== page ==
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Incite 10/20/2010: The Wrongness of Being Right

By Mike Rothman

One of my favorite sayings is “Don’t ask the question if you don’t want the answer.” Of course, when I say answer, what I really mean is opinion. It makes no difference what we are talking about, I probably have an opinion. In fact, a big part of my job is to have opinions and share them with however will listen (and even some who won’t). But to have opinions means you need to judge.

Now those are great words of advice... I like to think I have a finely tuned bullshit detector. I’ve been having vendors lie to me since I got into this business 18 years ago. A lot of end users can be delusional about their true situations as well. So that means I’m judging what’s happening around me at all times, and I tell then what I think. Even if they don’t want to hear my version of the truth. Sometimes I make snap judgements; other times I only take a position after considerable thought and research. I’m trying to determine if something is right or wrong, based on all the information I can gather at that point in time. But I have come to understand that right and wrong is nothing more than another opinion. What is right for you may be wrong for me. Or vice-versa. It took me a long long time to figure that out. Most folks still don’t get this.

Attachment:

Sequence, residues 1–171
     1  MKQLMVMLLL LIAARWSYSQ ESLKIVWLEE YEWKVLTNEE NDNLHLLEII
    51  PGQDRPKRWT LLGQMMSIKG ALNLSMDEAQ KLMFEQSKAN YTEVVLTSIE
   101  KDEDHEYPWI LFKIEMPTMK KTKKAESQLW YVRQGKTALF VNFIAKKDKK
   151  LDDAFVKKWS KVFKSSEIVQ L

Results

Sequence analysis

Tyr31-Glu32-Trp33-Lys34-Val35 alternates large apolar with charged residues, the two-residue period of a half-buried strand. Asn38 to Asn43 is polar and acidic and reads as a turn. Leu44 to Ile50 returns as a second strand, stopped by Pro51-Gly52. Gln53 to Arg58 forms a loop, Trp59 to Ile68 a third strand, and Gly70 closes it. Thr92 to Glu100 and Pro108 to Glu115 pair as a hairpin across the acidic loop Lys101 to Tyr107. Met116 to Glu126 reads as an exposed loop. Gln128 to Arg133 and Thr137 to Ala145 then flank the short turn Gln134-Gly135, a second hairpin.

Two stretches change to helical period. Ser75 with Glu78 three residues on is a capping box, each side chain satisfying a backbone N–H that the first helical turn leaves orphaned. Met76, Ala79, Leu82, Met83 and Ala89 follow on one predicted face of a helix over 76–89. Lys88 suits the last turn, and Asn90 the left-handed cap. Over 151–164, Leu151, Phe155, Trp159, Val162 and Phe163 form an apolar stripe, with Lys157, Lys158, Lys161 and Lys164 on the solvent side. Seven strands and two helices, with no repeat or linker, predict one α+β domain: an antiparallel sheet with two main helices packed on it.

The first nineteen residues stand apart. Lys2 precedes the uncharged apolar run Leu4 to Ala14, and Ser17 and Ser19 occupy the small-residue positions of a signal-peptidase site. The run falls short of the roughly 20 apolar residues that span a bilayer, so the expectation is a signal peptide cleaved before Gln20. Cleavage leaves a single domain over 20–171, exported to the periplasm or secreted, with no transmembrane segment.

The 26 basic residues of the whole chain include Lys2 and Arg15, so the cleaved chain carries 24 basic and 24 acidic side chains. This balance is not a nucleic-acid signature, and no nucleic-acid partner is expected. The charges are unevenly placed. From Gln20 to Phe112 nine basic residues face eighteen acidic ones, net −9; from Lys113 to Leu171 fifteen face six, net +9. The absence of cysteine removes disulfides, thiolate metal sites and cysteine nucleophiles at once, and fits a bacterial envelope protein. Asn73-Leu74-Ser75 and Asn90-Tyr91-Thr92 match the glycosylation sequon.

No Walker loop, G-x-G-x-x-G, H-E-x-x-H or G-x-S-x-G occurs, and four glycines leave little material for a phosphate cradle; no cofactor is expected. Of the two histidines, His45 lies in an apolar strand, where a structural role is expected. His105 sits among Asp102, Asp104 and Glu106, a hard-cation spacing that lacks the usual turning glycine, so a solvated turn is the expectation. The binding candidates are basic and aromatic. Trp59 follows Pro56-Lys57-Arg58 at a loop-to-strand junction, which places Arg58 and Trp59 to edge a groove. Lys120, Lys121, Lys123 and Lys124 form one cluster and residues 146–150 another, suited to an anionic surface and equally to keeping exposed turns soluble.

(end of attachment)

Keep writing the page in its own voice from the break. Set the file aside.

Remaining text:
I can recall when I was first exposed to the Myers-Briggs test, when I stumbled on a book that included i. Taking that test was very enlightening for me. Turns out I’m an INTJ, which means I build systems, can be blunt and socially awkward (go figure), and tend to judge everything. Folks like me make up about 1% of the population (though probably a bit higher in tech and in the executive suite). I knew I was different ever since my kindergarten teacher tried to hold me back in kindergarten (true story), but I never really understood why.

Even if you buy into the idea there are just 16 personality types, clearly there is a spectrum across each of the 4 characteristics. In my black/white world, there seems to be a lot of color. Who knew? This train of thought was triggered by a tweet by my pal Shack, basically calling BS on one guy’s piece on the value of not trying to be successful. That’s not how Dave rolls.

And that’s fine. Dave is one guy. The dude writing the post is another. What works for that guy clearly would n’t work for Dave. What works for me doesn’t work for you. But what we can’t do is judge it as right or wrong. It’s not my place to tell some guy he needs to strive for success. Nor is it my place to tell the Boss not to get upset about something someone said about something. I would like her not to get upset because when she’s upset it affects me, and it’s all about me. But if she decides to get upset, that’s what she thinks is the right thing to do.

To make this all high concept, a large part of our social problems boil down to one individual’s need to apply their own concept of right to another. Whether it’s religion or politics or parenting or values or anything, everyone thinks they are right. So they ridicule and persecute those who disagree. I’m all for intelligent discord, but at some point you realize you aren’t going to get to common ground. Not without firearms. Trying to shove your right into my backside won’t work very well.